Lowndes County, Alabama, was established on January 20, 1830
Lowndes County is a county of the U.S. state of Alabama. It is named in honor of William Lowndes, a member of the United States Congress from South Carolina. As of the 2000 census, the population was 13,473. Its county seat is Hayneville. Lowndes County is part of the Montgomery Metropolitan Statistical Area.
The county was referred to as “Bloody Lowndes,” the rusty buckle of Alabama’s Black Belt. In 1965, a full century after the American Civil War, things had not changed much: 86 white families owned 90 percent of the land in the county and controlled the government. Black residents worked mostly in low-level rural jobs. Not one black resident was registered to vote.
The success of the Selma to Montgomery marches and passage of the Civil Rights Act of 1964, encouraged civil rights leaders to believe they could fight racism even in Bloody Lowndes. “The Lowndes County Freedom Organization” was founded in the county as a new, independent political party designed to help blacks stand up to intimidation and murder.
Organized by the young dynamic civil rights leader Stokely Carmichael of the Student Nonviolent Coordinating Committee (SNCC), Lowndes residents launched an intensive effort to register blacks to vote in County.
SNCC’s plan was simple: get enough people to vote so blacks might control the local government and redirect services to black residents, 80 percent of whom lived below the poverty line. Carmichael and others organized registration drives, demonstrations, and political education classes in support of the black residents. Passage of the 1965 Voting Rights Act meant that the federal government was on their side, too.
In 1966, the Lowndes County Freedom Organization entered several local residents as candidates for county offices. It adopted the emblem of the black panther in contrast to the white-dominated Alabama Democratic Party’s white rooster. Whites in Lowndes County reacted strongly to the LCFO. In retaliation for civil rights work, white landowners evicted many black sharecroppers, leaving them both homeless and unemployed.
The SNCC and Lowndes County leaders worked to help these families stay together and remain in the county. They bought tents, cots, heaters, food, and water and helped several families build a temporary “tent city”. Despite harassment, including shots regularly fired into the encampment, residents persevered for nearly two years as organizers helped them find new jobs and look for permanent housing. Whites also refused to serve known LCFO members in stores and restaurants. Several small riots broke out over the issue. The LCFO pushed forward and continued to organize and register voters. The black candidates were defeated then, but others have since been elected. While their initial attempt was unsuccessful, the LCFO continued to fight. Their goal of democratic, community control of politics spread into the wider civil rights movement.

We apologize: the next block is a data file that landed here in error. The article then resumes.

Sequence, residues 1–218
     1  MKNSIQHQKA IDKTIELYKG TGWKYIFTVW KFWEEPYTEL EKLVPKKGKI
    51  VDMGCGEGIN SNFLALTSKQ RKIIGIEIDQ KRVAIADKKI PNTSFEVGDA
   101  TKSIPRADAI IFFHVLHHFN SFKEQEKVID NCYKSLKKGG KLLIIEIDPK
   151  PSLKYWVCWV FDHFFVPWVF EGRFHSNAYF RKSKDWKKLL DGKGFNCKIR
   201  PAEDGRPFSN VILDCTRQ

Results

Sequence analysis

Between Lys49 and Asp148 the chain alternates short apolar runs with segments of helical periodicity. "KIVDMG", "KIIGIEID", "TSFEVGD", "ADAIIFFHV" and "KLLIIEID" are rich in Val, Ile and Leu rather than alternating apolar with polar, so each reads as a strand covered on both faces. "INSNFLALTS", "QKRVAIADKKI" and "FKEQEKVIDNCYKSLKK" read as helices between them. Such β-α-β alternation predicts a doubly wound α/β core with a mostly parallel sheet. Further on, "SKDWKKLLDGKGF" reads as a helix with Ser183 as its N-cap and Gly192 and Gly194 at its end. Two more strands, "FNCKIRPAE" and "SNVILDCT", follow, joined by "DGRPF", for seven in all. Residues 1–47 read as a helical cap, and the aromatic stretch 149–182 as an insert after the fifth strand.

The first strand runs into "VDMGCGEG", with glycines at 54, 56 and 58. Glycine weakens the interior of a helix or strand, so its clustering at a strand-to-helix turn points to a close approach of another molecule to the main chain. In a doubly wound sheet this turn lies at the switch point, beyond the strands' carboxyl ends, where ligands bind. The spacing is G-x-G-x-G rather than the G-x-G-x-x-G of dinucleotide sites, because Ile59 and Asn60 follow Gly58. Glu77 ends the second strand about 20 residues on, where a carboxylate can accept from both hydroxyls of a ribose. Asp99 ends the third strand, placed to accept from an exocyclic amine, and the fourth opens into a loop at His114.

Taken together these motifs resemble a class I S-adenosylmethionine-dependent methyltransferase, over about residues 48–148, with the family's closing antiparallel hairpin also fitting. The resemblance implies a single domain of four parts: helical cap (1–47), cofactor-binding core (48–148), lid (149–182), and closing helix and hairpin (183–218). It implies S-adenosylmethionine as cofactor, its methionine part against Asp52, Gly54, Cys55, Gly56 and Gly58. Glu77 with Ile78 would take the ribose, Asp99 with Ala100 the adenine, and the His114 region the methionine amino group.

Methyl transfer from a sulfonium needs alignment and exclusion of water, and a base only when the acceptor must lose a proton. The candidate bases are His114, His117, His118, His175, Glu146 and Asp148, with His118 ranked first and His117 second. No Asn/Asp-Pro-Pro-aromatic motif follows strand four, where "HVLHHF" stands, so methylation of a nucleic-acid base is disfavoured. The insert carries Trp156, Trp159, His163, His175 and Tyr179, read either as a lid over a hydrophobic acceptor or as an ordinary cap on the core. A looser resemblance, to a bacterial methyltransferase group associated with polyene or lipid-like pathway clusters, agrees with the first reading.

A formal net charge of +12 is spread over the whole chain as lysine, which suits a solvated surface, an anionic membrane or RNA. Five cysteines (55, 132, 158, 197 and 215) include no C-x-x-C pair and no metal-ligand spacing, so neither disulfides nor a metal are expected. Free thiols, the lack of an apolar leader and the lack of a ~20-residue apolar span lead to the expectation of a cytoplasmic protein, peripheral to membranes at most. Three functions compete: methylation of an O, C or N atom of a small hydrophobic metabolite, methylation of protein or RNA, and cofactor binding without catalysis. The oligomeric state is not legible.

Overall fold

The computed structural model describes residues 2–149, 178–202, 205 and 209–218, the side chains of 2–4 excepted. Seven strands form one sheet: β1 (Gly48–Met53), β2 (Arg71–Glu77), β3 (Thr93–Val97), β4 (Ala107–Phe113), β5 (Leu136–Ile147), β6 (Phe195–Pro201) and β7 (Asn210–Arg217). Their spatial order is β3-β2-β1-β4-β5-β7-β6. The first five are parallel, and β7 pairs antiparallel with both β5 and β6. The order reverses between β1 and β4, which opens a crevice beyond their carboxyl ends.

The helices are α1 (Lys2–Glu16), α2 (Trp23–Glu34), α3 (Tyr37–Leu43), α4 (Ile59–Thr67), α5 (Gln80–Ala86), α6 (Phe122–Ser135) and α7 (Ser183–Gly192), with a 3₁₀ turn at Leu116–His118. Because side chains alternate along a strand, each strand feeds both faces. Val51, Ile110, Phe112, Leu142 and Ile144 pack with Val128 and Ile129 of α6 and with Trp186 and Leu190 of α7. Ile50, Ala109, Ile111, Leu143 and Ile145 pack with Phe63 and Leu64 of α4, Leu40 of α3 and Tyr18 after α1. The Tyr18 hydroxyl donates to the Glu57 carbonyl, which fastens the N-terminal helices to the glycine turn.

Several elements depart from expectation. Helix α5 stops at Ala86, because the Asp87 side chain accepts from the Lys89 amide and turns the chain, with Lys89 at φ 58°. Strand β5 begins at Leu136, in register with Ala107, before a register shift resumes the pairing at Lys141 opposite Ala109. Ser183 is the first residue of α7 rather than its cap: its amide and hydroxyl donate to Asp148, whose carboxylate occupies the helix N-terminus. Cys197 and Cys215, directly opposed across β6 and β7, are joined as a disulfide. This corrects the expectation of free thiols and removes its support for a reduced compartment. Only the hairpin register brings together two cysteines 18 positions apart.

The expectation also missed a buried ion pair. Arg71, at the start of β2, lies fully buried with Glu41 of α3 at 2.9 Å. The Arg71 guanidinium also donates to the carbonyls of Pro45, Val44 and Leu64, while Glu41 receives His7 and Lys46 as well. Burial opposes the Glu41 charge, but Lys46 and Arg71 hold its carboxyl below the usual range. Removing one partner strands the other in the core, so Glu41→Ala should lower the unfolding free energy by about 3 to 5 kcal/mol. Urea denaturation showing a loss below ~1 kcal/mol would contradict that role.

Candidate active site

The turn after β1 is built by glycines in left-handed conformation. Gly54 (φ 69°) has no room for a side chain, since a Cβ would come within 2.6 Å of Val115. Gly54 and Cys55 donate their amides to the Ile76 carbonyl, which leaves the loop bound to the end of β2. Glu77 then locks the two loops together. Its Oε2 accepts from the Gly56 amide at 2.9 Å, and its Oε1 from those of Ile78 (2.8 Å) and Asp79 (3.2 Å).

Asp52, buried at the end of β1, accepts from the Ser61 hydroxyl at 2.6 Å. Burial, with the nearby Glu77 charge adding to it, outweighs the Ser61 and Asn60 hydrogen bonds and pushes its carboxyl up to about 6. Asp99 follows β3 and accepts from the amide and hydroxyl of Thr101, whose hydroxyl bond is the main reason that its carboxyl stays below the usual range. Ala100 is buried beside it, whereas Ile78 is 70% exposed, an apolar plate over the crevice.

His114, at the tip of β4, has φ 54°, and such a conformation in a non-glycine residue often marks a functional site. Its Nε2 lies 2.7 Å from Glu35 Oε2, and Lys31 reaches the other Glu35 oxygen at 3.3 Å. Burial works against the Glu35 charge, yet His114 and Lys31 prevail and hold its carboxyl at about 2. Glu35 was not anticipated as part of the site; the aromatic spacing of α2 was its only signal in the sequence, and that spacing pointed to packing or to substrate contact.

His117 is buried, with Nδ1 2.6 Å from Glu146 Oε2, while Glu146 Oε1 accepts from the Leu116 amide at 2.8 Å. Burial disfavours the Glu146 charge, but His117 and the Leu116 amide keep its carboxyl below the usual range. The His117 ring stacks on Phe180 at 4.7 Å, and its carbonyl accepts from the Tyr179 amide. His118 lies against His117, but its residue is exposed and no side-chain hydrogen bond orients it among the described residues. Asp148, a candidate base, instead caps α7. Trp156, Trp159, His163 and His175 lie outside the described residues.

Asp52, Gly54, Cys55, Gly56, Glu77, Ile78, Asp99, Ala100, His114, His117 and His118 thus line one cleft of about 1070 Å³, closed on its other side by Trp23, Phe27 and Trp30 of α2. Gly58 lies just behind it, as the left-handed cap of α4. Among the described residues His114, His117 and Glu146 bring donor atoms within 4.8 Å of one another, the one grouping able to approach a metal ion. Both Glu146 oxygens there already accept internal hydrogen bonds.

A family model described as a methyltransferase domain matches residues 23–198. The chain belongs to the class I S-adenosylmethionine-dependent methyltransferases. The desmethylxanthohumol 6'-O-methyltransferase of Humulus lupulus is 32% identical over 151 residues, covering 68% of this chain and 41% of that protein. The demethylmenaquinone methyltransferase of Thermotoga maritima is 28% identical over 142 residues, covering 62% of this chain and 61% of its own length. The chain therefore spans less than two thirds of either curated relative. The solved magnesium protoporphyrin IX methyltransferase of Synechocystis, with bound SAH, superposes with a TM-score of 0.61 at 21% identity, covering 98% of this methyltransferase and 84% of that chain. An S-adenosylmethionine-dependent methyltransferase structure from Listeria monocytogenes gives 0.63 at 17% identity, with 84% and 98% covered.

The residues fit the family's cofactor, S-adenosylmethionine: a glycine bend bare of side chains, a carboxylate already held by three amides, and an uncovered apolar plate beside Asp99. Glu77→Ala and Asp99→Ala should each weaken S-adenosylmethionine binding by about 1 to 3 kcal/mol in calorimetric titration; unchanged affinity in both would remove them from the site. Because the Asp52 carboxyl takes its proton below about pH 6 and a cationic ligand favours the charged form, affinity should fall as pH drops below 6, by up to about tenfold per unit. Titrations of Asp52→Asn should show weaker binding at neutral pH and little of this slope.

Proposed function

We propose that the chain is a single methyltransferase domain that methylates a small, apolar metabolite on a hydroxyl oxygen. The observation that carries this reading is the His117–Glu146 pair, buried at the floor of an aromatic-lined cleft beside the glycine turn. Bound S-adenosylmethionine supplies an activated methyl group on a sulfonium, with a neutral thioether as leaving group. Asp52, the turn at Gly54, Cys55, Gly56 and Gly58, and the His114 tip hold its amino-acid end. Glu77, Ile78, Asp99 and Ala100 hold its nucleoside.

The first Black sherrif in the county was John Hullett, elected in 1970.
As of the census of 2000, there were 13,473 people, 4,909 households, and 3,588 families residing in the county. The population density was 19 people per square mile (7/km²). There were 5,801 housing units at an average density of 8 per square mile (3/km²). The racial makeup of the county was 73.37% Black or African American, 25.86% White, 0.11% Native American, 0.12% Asian, 0.02% Pacific Islander, 0.12% from other races, and 0.40% from two or more races. 0.63% of the population were Hispanic or Latino of any race.
There were 4,909 households out of which 35.40% had children under the age of 18 living with them, 42.90% were married couples living together, 25.70% had a female householder with no husband present, and 26.90% were non-families. 24.60% of all households were made up of individuals and 9.40% had someone living alone who was 65 years of age or older. The average household size was 2.73 and the average family size was 3.28.
In the county the population was spread out with 30.20% under the age of 18, 9.10% from 18 to 24, 27.10% from 25 to 44, 21.40% from 45 to 64, and 12.20% who were 65 years of age or older. The median age was 34 years. For every 100 females there were 87.90 males. For every 100 females age 18 and over, there were 82.90 males.
The median income for a household in the county was $23,050, and the median income for a family was $28,935. Males had a median income of $27,694 versus $20,137 for females. The per capita income for the county was $12,457. About 26.60% of families and 31.40% of the population were below the poverty line, including 41.70% of those under age 18 and 26.60% of those age 65 or over.